Infertility is a problem that affects more than seven million women in the United States. And yet, the majority of group medical plans don’t cover fertility treatments such as IVF. Is infertility a disease and should fertility treatments be affordable for all?
This week, Newsweek ran a fascinating story about the high price of IVF. Apparently, the procedure costs more in the U.S. than anywhere else in the world. Newsweek cites a recent study by the European Society of Human Reproduction and Embryology, published in The Human Reproduction Update, that found that fertility treatment in the U.S. is significantly more expensive than other countries.
“The high cost does pose a problem for many poor couples,” Mark Connolly, a health economist who led the study, told Newsweek. “Some have suggested that the high cost of IVF acts as a form of economic natural selection.”
While the average price of IVF treatment in Japan was 3,149 euros ($4,012) and Belgium’s 2,441 euros ($3,109), the U.S. averaged 10,812 euros ($13,775). The next highest nation on the list after the U.S. was Canada, with a substantially lower cost of 6,766 euros ($8,740). On top of that, American fertility facilities only met one quarter of the estimated demand for treatment — not surprisingly, minorities and low-income patients were underserved.
Part of the problem is that nobody is sure about whether to treat infertility as a disease (as most other countries do). That might change with The Family Building Act, which was introduced in the House and Senate last year. The bill would require group health plans insurance companies who offer basic OB/GYN services to cover the cost of certain infertility treatments.
The bill states, “A fundamental part of the human experience is fulfilling the desire to reproduce.”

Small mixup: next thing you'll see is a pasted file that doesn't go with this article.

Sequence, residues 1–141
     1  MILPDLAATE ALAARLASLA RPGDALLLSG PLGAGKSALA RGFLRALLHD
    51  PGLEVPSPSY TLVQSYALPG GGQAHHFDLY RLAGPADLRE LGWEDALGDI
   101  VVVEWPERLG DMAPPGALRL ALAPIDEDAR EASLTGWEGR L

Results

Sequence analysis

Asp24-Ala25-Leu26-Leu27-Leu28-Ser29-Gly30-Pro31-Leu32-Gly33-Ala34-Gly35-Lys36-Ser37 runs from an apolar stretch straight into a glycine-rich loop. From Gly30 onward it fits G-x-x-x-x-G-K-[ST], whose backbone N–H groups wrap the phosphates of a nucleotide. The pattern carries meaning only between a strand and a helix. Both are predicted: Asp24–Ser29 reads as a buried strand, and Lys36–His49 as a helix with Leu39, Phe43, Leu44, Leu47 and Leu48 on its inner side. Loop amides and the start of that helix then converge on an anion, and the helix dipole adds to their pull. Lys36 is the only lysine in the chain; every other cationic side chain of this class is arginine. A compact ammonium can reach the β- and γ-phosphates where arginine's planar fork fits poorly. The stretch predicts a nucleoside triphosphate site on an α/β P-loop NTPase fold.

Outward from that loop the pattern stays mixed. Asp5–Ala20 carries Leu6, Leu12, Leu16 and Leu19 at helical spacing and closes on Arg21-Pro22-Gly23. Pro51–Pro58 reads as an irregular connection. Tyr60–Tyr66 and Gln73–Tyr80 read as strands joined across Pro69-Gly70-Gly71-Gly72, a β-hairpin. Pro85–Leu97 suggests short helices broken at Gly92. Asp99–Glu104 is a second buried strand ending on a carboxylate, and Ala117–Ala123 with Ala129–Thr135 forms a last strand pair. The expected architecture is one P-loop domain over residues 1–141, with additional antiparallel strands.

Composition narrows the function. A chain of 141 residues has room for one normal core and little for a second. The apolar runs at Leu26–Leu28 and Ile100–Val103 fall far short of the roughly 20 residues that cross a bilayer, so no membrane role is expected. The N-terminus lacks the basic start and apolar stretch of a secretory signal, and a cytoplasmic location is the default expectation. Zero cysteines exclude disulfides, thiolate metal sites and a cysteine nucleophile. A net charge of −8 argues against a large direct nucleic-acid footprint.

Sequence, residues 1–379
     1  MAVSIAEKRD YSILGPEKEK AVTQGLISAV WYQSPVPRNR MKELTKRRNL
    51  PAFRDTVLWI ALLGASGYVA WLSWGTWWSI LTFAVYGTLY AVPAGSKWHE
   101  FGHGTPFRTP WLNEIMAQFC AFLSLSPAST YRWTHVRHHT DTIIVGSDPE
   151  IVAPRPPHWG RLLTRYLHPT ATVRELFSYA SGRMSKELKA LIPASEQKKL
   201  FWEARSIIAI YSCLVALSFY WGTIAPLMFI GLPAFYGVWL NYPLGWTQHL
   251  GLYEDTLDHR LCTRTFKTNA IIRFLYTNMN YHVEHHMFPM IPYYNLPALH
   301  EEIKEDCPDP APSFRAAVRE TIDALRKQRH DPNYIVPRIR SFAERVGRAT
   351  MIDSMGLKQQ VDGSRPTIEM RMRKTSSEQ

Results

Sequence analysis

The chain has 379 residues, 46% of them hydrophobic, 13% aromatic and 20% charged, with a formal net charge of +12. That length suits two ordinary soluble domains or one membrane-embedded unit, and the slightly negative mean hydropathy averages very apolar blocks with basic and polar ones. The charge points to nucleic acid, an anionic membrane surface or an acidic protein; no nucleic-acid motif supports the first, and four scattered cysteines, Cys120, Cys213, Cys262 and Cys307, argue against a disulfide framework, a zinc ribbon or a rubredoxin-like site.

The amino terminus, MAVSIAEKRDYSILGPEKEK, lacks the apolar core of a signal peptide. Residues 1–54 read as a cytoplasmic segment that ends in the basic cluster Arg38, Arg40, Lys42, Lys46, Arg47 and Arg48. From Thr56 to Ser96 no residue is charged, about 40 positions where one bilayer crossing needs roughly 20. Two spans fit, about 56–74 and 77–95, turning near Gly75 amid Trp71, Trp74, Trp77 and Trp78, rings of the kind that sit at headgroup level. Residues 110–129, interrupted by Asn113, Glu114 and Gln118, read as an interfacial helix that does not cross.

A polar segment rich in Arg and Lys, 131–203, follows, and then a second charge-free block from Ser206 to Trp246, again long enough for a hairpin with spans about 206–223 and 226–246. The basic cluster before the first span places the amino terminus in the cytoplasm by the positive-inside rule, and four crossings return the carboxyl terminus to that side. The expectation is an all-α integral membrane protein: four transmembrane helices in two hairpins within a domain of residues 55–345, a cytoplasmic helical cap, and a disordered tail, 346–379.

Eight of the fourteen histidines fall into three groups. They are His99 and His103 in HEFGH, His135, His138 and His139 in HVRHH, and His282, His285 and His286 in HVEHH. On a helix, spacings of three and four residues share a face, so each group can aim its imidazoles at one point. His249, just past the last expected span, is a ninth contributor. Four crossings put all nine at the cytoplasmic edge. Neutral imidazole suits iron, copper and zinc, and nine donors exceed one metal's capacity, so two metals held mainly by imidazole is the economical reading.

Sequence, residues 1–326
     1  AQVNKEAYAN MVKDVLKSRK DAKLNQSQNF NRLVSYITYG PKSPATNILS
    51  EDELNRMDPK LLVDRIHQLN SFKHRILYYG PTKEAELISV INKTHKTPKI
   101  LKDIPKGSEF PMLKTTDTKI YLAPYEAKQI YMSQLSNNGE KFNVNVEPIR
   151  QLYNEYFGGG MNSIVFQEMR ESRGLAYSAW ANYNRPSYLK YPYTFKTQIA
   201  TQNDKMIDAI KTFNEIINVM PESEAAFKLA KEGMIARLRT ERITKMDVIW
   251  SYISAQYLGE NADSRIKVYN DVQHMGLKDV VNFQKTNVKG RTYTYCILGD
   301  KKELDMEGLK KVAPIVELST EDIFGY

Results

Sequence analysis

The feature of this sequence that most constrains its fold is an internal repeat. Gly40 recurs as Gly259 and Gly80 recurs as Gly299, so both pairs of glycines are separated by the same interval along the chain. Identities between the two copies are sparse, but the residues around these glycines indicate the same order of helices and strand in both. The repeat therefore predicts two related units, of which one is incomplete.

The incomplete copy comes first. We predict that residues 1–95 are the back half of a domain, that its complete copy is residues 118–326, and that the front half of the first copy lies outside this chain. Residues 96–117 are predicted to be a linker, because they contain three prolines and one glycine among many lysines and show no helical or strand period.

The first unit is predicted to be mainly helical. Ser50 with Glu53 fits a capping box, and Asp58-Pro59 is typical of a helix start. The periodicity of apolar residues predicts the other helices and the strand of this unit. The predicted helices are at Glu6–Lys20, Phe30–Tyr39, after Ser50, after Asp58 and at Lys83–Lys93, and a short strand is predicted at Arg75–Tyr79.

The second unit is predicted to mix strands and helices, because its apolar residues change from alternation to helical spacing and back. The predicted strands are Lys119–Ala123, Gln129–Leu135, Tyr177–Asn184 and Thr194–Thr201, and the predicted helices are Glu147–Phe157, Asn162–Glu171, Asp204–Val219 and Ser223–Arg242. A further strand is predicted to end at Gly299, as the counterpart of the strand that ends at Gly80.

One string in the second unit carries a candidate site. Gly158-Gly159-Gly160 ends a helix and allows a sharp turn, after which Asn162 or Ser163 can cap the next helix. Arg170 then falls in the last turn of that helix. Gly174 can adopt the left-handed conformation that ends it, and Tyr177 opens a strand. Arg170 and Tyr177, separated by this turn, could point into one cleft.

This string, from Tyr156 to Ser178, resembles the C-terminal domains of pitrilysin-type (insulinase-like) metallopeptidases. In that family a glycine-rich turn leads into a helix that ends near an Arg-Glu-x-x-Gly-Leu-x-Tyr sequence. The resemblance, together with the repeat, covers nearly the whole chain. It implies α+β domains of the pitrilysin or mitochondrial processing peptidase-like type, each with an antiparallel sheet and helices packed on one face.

But is reproduction a basic right? As it is now, in the U.S., IVF is limited to those who can afford the treatments.
“The costs of having fertility treatments can be staggering, but children are priceless,” Rep. Anthony Weiner (D-New York) said in a press release. “Wealth should not determine who can and who cannot fully exhaust the medical treatments available to people who want to have a child.”
Fertility was absent from the recent national debate over health care reform, perhaps because it continues to be a divisive issue on both sides of the political spectrum. “Look, we can’t manage to provide health care for everyone,” Sean Tipton, director of public affairs for the American Society of Reproductive Medicine told Slate earlier this year. “And America doesn’t have the best track record when it comes to [covering] reproductive medicine anyway. So put those two facts together and it paints a fairly dim picture in terms of infertility coverage.”
Here’s the controversial part of the equation: some say that the problem is that women are waiting too long to have children and then finding it increasingly difficult without fertility treatments. Dr. Sherman Silber, a reproductive specialist at St. Luke’s Hospital in St. Louis and author of the book How to Get Pregnant, points out that up to 80 percent of infertility cases are caused by increased maternal age. “It’s hard to call infertility a disease. It’s normal aging,” he told Newsweek.
What do you think? Should Insurance Cover IVF?